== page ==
City has water till July-end, but don’t waste it
According to the Brihanmumbai Municipal Corporation (BMC), the total usable quantity in all the seven lakes stands at 4.8 lakh million litres, which is 16.76% less than what was recorded at the same time last yearmumbai Updated: Mar 21, 2016 01:43 IST
There’s enough water to meet Mumbai’s needs for 133 more days or till the end of July in the seven lakes that supply the city.
And by July-end the rains will be here. So that’s some relief for Mumbaiites who have been facing water cuts of up to 20% in some areas. But that’s no reason to open all the taps on March 24, Holi.
According to the Brihanmumbai Municipal Corporation (BMC), the total usable quantity in all the seven lakes stands at 4.8 lakh million litres, which is 16.76% less than what was recorded at the same time last year.
BMC currently supplies 3,200 million litres a day (MLD) to the city, after a cut of 550 MLD. Officials confirmed that the civic body would supply 3,200 MLD on Holi day too, without any cuts.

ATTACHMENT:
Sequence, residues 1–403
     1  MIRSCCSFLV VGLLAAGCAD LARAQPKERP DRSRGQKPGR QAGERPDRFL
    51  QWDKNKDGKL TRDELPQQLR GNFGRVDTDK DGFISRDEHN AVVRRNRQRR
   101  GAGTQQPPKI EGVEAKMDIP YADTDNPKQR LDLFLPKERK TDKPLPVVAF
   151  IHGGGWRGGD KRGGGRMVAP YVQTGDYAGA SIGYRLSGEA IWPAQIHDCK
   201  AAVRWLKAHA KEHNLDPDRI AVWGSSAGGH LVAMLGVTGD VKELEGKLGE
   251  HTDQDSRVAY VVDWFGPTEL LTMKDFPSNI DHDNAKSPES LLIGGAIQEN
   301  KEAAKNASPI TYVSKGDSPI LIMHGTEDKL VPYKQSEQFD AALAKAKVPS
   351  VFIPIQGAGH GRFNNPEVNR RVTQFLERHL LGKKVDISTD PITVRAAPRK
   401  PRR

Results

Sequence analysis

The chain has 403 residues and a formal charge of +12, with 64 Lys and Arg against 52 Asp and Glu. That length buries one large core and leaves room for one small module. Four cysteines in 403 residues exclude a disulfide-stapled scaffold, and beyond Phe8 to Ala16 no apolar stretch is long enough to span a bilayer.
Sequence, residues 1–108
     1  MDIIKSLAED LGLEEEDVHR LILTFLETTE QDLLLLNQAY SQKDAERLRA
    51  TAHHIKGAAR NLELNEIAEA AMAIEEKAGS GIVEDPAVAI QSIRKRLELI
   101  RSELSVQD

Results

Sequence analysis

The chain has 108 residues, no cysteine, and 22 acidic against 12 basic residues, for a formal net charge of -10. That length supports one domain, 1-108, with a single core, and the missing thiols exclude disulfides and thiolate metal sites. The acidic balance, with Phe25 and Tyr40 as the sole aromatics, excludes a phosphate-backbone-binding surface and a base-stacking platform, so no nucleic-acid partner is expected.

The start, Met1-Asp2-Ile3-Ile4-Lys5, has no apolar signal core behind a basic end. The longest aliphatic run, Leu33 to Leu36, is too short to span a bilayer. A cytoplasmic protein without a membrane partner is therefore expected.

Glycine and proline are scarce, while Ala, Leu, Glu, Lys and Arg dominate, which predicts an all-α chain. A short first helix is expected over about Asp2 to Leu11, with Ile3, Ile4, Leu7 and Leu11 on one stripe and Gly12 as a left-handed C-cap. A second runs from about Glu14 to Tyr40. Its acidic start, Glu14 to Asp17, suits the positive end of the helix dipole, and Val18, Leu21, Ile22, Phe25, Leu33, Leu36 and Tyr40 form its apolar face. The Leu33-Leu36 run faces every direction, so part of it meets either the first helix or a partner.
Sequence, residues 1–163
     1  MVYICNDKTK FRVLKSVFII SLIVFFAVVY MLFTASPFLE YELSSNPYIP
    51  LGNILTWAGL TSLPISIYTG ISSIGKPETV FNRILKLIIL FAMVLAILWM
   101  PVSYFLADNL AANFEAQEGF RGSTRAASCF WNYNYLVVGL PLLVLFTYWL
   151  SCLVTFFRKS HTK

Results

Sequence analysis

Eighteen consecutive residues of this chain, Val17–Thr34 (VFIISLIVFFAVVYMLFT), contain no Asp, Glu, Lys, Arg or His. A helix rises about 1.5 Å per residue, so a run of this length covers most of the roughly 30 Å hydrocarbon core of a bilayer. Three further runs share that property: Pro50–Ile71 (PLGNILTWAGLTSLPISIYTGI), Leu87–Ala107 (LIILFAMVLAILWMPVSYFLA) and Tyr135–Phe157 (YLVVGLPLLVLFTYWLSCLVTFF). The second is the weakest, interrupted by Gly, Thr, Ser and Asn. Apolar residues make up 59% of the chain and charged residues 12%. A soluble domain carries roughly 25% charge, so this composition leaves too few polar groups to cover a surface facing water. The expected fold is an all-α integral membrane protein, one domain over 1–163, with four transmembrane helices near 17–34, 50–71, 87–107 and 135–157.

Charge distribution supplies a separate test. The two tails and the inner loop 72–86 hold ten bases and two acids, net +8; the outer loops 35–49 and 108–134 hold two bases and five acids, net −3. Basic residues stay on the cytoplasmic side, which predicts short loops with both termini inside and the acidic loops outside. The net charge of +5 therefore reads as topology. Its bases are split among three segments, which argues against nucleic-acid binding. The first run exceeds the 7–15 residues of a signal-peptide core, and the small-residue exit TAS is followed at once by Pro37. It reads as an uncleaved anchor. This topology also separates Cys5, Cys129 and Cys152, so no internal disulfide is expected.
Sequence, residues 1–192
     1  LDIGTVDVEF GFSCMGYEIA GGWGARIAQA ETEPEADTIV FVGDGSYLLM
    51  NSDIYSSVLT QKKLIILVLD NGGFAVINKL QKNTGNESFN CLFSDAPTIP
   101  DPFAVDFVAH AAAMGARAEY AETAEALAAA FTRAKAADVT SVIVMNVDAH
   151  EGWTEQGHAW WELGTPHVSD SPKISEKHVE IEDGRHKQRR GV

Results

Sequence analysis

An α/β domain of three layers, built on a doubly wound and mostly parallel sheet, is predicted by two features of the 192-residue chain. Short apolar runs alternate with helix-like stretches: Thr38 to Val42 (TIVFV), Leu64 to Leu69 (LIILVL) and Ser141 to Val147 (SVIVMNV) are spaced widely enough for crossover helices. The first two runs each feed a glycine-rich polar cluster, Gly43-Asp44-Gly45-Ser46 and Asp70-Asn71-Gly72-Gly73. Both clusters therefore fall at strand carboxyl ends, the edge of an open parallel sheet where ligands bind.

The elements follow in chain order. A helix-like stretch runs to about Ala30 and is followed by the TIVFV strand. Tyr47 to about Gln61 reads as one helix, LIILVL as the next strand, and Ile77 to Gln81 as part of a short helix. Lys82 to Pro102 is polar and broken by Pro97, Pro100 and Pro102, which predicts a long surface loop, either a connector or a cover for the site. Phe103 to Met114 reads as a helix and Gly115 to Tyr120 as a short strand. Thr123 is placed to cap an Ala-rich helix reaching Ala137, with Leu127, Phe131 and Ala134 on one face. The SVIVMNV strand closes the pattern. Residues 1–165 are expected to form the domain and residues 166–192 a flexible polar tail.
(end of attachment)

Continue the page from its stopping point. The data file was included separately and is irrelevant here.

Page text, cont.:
In 2015, the seven lakes — Modak Sagar, Tansa, Vihar, Tulsi, Upper Vaitarna, Middle Vaitarna and Bhatsa — together had 5.8 lakh million litres as of March 19. This year the figure is 4.8 lakh million litres.
From the seven lakes, there are two channels — the Vaitarna system feeds the western suburbs and the island city and the Bhatsa system supplies water to the eastern suburbs.
A poor monsoon last year led the BMC to impose up to a 20% cut on residential properties and a 50% cut on commercial establishments.
It had also stopped supplying water to bottling plants and municipal swimming pools to save on water.
The government too has woken up to the dangers of the situation worsening in the coming months all over the state.
Chief minister Devendra Fadnavis had urged people to celebrate a dry Holi.
The government had also directed all civic corporations to not supply water to swimming pools.
Senior civic officials said that planning for the city’s water needs at an early stage last year has helped the city tide over what could have been a bigger water crises.
“With a poor monsoon behind, we started planning in August itself, which has helped sustain supply till the next monsoon,” said a senior official.